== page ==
2013-05-15 / Features

LaGuardia And Wagner Legislative Archives Unveiled


(L. to r.); Former Queens Borough President Claire Shulman, former City Council Speaker Peter Vallone Sr., Queens Borough President Helen Marshall and Ed Babor representing Congressmember Carolyn Maloney. (L. to r.); Former Queens Borough President Claire Shulman, former City Council Speaker Peter Vallone Sr., Queens Borough President Helen Marshall and Ed Babor representing Congressmember Carolyn Maloney. LaGuardia Community College officially unveiled its Legislative Archives on May 9. The archives is a repository that will not only house the legislative body’s local laws, documents and photographs, but will maintain an online database of these valuable records dating back to 1938.

The ceremony also recognized Peter Vallone Sr., the first speaker of the modern City Council and supporter of the LaGuardia and Wagner Archives, which is housing the collection; and Assemblymember Catherine Nolan, a stalwart advocate of the archives since her days as a community organizer.

“Speaker Peter Vallone Sr., and Assemblywoman Catherine Nolan’s support and advocacy were instrumental in the establishment of the LaGuardia and Wagner Archives,” said Dr. Gail O. Mellow, president of LaGuardia Community College. “From the very beginning both strongly believed that we needed to have a resource for Queens history in our borough.”


(L. to r.) LaGuardia and Wagner Archives Director Dr. Richard K. Lieberman, Shulman, Vallone, Marshall, LaGuardia Community College President Dr. Gail O. Mellow, Assemblymember Catherine Nolan. (L. to r.) LaGuardia and Wagner Archives Director Dr. Richard K. Lieberman, Shulman, Vallone, Marshall, LaGuardia Community College President Dr. Gail O. Mellow, Assemblymember Catherine Nolan. Since its establishment in 1982, Vallone provided the archives with capital funding, while Nolan recently allocated funding for the purchase of a climate control system for the almost 4,000-square- foot legislative archives. The ribbon cutting ceremony was held in LaGuardia’s C-building, 7th Floor, at 29-10 Thomson Ave., Long Island City.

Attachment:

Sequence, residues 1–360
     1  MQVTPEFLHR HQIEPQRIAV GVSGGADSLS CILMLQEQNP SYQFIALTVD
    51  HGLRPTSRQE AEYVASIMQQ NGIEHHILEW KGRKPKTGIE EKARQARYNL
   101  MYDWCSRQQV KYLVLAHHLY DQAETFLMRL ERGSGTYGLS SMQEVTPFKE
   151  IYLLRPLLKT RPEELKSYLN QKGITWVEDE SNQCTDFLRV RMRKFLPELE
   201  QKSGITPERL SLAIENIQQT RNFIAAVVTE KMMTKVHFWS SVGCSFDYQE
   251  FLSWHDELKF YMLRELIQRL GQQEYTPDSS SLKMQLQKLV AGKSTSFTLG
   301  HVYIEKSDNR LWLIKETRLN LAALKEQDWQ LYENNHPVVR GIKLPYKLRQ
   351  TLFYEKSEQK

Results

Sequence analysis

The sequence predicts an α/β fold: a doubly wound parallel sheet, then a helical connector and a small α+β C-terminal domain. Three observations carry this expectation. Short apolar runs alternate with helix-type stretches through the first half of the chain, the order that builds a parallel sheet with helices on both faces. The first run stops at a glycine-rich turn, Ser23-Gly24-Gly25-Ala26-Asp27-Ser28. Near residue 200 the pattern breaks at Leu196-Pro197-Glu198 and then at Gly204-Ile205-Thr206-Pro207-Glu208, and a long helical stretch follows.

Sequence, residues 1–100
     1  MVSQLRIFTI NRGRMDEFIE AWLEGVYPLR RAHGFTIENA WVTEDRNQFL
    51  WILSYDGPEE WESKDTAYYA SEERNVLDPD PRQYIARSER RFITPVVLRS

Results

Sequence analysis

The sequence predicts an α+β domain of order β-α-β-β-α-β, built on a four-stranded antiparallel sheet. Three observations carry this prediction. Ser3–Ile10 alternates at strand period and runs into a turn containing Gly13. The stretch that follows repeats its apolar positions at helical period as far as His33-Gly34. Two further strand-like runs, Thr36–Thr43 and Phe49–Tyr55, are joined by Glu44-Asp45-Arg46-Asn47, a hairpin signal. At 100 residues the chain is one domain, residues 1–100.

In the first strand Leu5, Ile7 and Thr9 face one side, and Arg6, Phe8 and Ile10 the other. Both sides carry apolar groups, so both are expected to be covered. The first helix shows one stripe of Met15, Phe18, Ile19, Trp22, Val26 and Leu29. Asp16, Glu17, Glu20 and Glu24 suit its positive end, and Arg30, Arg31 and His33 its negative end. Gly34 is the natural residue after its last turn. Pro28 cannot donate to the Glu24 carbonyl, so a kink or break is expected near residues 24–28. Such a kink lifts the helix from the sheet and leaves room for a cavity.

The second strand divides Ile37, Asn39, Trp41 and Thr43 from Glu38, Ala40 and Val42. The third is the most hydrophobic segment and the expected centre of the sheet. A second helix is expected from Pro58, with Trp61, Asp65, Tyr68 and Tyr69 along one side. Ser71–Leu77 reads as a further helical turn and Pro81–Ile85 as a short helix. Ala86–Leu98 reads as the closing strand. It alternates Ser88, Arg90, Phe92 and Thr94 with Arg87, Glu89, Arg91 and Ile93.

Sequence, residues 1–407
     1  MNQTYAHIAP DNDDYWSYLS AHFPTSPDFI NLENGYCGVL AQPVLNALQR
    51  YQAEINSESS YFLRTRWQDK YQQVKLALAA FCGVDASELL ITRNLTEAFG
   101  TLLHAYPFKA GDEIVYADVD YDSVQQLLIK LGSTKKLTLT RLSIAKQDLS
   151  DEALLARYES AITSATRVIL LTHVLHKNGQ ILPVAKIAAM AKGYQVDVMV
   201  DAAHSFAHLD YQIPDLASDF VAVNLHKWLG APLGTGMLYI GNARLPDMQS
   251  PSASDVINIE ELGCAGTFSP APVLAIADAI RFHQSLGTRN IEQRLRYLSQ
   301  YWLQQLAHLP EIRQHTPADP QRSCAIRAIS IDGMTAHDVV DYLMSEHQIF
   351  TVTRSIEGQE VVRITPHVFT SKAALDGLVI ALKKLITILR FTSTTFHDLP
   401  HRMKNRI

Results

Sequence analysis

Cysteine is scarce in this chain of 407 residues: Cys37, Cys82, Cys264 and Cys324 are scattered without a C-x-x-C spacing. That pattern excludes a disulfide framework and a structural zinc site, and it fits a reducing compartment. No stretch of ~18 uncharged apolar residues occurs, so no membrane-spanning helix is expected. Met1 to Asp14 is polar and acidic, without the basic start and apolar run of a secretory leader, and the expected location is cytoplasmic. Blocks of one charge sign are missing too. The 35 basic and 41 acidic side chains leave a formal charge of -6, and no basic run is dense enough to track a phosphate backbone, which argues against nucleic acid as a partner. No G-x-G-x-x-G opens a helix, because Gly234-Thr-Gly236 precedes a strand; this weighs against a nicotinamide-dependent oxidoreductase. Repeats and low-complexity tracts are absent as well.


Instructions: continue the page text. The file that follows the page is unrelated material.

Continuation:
“The Council of the City of New York archive collection, housed in the new Legislative Archives represents an unparalleled snapshot of the legislative history of America’s biggest city from the 1930s and into the 21st century,” said Dr. Richard K. Lieberman, director of the LaGuardia and Wagner Archives.

The largest portion of the collection dates from the 1970s through the mid- 2000s.

About 1,500 boxes of city council documents, more than half of the city council collection, are now preserved, indexed and searchable on the archive’s Web site. There are another approximately 1,000 boxes to preserve and index.

Included within the collection are more than 930,000 documents that have been microfilmed and digitized and made available on the LaGuardia and Wagner Archives Web site: Local Laws from 1955 through 2005 that are searchable by date or topic; and over 66,000 photographs of councilmembers at work from the 1980s through 2007 that are available on the Web site.

The largest portion of the collection dates from the 1970s through the 1990s.

The creation of a city council archives was the brainchild of Vallone, who felt that the legislative body should have its own repository. In 1985, he approached Lieberman asking him to house the collection and to begin the herculean task of sifting through the voluminous documents that were being stored in various warehouses throughout the city.

In cooperation with the Municipal Archives/Department of Records and Information Services, the staff at the LaGuardia and Wagner archives have spent the past 27 years reviewing documents and photographs, organizing the materials, indexing them on a database, microfilming, and posting both index records and many full-text documents online. The on-going project will finally make it possible for historians, researchers and LaGuardia students to have easy access to these once-hard-togather documents.

“The history of New York City, as ruled by the law of available data, was basically the mayoral history because documents chronicling the legislative history of the city were difficult to access,” said Lieberman. “This archive now makes it possible to tell the story of the New York city council.”

To view the collection, visit www.laguardiawagnerarchive.lagcc.cuny.edu/COLLECTIONS.aspx.

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